2019-01-03 | Zhengfeng Ji:Pseudorandom Quantum States and Quantum Money



We propose the concept of pseudo-random quantum states, which appear random to any quantum polynomial-time adversary. It offers a computational approximation to perfectly random quantum states analogous in spirit to cryptographic pseudo-random generators, as opposed to statistical notions of quantum pseudo-randomness that have been studied previously, such as quantum t-designs analogous to t-wise independent distributions.


Under the assumption that quantum-secure one-way functions exist, we present efficient constructions of pseudorandom states, showing that our definition is achievable. We then prove several basic properties of pseudo-random states, which show the utility of our definition. First, we show a cryptographic no-cloning theorem: no efficient quantum algorithm can create additional copies of a pseudo-random state, when given polynomially-many copies as input. Second, as expected for random quantum states, we show that pseudo-random quantum states are highly entangled on average. Finally, as a main application, we prove that any family of pseudo-random states naturally gives rise to a private-key quantum money scheme.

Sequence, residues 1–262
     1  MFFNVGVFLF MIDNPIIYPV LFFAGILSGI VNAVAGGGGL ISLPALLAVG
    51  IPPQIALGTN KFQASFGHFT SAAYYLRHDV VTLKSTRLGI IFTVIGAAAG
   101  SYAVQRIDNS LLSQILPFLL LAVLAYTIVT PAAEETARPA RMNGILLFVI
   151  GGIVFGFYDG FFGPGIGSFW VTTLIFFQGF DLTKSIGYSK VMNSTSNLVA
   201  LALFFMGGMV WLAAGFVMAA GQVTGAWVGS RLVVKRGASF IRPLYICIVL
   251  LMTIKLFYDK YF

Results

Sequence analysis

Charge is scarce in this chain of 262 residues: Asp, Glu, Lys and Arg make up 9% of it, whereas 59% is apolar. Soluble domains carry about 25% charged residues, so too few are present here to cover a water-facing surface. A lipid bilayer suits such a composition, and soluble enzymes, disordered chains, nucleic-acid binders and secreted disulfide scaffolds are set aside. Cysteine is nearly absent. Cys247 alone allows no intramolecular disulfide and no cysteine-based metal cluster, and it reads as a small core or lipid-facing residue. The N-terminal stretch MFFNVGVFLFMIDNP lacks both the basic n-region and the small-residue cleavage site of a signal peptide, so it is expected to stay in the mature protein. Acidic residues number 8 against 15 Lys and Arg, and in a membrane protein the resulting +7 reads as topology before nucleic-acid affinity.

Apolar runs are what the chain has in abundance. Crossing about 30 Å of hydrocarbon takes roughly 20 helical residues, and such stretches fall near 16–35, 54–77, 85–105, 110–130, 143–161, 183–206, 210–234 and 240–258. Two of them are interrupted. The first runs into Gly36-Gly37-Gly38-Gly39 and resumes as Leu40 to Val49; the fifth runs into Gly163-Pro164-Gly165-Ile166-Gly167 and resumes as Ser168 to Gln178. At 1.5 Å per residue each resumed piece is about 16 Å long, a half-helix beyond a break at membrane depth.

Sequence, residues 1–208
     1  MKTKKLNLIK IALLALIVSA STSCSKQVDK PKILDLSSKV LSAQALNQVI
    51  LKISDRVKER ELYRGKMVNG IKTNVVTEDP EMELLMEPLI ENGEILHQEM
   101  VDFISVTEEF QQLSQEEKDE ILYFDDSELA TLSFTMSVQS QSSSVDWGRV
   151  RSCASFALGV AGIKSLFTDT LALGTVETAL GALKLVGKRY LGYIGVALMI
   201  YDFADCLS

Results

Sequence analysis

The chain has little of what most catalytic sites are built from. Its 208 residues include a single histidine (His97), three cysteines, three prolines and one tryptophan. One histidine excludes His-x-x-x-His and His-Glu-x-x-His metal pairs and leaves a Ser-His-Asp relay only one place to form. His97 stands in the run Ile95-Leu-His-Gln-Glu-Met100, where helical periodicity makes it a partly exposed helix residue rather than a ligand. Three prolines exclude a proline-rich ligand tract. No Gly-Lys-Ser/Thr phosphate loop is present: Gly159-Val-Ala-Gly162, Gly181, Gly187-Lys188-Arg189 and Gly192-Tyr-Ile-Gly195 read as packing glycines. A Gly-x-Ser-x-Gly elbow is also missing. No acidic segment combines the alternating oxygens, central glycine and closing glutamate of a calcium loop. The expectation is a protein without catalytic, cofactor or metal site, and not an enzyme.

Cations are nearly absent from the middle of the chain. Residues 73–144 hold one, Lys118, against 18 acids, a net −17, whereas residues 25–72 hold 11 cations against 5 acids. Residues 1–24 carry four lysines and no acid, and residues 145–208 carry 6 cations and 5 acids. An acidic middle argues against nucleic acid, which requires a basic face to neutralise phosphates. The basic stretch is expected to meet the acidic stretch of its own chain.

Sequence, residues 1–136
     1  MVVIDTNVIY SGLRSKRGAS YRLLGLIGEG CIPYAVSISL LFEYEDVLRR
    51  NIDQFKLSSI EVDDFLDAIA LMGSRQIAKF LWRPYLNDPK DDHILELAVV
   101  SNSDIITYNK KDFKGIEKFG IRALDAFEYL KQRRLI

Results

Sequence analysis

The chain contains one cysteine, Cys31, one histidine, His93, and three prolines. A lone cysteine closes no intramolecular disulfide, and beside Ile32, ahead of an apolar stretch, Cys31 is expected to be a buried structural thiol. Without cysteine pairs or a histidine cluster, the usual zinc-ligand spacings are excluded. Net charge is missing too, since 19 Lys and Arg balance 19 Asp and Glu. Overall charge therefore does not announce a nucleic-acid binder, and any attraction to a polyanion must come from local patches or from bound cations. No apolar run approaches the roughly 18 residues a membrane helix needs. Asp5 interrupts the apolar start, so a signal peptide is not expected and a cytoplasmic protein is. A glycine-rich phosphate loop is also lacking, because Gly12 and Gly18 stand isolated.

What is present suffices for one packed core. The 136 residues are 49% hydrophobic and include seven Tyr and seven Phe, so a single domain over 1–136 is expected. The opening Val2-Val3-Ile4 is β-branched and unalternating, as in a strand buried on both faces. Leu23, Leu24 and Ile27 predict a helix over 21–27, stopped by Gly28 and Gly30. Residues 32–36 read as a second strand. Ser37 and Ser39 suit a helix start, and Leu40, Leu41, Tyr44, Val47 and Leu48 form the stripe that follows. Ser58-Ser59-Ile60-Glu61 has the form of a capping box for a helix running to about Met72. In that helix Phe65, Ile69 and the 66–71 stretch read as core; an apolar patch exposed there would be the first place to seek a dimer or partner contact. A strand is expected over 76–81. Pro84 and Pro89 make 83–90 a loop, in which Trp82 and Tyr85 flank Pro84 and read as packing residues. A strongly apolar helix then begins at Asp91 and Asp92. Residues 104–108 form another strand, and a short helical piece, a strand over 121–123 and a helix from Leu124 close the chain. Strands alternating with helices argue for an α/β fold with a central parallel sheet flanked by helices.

Zhengfeng Ji is currently a Professor of the Centre for Quantum Software and Information (QSI), Faculty of Engineering and Information Technology (FEIT), University of Technology Sydney. He received BEng and PhD from the Department of Computer Science and Technology, Tsinghua University, Beijing, China in 2002 and 2007. His current research interests include quantum algorithms, quantum complexity theory and (post-)quantum cryptography.